The observed results could be most easily explained by assuming that all these functions do not use the binary DP representation of the cell content in order to calculate their results, but operate on the numerical string comprising 15 decimal digits in the MVC instead. At least we have:
40 27 FF FF FF FF FF E3 hex =
XL: 1.19999999999999E+01
xN: 1.199999999999994848565…E+01
40 27 FF FF FF FF FF E4 hex =
XL: 1.20000000000000E+01
xN: 1.19999999999999502620…E+01
From the given xN values it can be seen that XL2013x64 correctly rounds the binary DP values to strings comprising 15 decimal digits, and that the functions in doubt obviously use this decimal string representation in order to calculate their result. Exactly the same kind of inaccurate results is delivered by the functions that are meant to round up, i.e. CEILING, CEILING.MATH, CEILING.PRECISE (and even ISO.CEILING), and ROUNDUP. In this example, all the 28 results corresponding to input values from 40 28 00 00 00 00 00 01 to 40 28 00 00 00 00 00 1C are flawed. Moreover, the functions ROUND and MROUND are also subject to this kind of flaw if their arguments are close to values at which their result should change.

On the other hand, the functions EVEN, MOD, ODD, and QUOTIENT deliver results that accurately account for the least bit of their arguments. Thus, in order to define an accurate version of the mathematical floor function, you might want to use = QUOTIENT(CellRef;1) + IF(MOD(CellRef;1)=0;0;(SIGN(CellRef)-1)/2), whereas for an accurate version of the mathematical ceiling function, you might want to use = QUOTIENT(CellRef;1) + 1 + IF(MOD(CellRef;1)=0;-1;(SIGN(CellRef)-1)/2). Or, you break free and look out for another numerically much more comprehensive programming language than VBA is, but that can be connected to XL relatively easy. At least, that is what I shall do from now on.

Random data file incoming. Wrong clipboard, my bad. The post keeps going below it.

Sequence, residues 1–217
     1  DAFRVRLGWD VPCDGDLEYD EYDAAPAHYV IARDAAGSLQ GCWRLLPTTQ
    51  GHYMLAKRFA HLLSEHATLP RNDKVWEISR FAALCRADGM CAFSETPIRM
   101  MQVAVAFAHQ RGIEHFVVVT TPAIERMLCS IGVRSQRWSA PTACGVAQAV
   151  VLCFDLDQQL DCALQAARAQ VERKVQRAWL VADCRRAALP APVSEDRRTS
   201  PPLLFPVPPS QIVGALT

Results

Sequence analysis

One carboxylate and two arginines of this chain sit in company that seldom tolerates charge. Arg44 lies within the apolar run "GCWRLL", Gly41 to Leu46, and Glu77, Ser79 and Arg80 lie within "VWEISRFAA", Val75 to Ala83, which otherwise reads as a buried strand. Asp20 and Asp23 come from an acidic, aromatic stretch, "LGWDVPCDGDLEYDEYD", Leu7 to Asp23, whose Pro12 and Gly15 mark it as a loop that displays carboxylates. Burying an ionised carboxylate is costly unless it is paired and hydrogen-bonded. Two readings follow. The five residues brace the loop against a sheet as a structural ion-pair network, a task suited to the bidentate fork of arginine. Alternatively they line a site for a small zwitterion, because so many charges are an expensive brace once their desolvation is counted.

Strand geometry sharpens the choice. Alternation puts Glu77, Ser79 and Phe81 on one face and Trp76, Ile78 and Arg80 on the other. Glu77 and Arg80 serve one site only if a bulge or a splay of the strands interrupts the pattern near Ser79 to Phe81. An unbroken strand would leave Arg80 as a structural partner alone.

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The decimal data sub-type in XL-VBA

Posted in Computer, Microsoft Excel, Programming Languages, Software, Spreadsheet, VBA on June 9, 2014 by giorgiomcmlx

In VBA, the most straightforward way to add some extra precision to calculations with doubles is to try to harness the sub-type decimal of the data type variant. According to the VBA language specification provided by MS quite recently, a variable of sub-type decimal comprises a numerator of 96 bits (or 12 octets) of precision that encode an unsigned integer in binary format, and a denominator comprising 8 bits (or 1 octet) that encode the power of ten by which the numerator has to be divided in order to yield the mathematical value that is represented by the variable. MS further state that there also is a sign bit, and that a decimal is "A rational number represented in a 14 byte data structure". I started to doubt this statement when reading this information on the decimal sub-type (in German). There, a decimal is said to be a data structure of 16 bytes, and moreover, a rather peculiar order of the 12 octets of the numerator is
mentioned. Consequently, I started to check out the details by myself.

For that, in my VBA7.1 I declared a call to the kernel function RtlMoveMemory that can be accessed via the system library kernel32.dll as follows: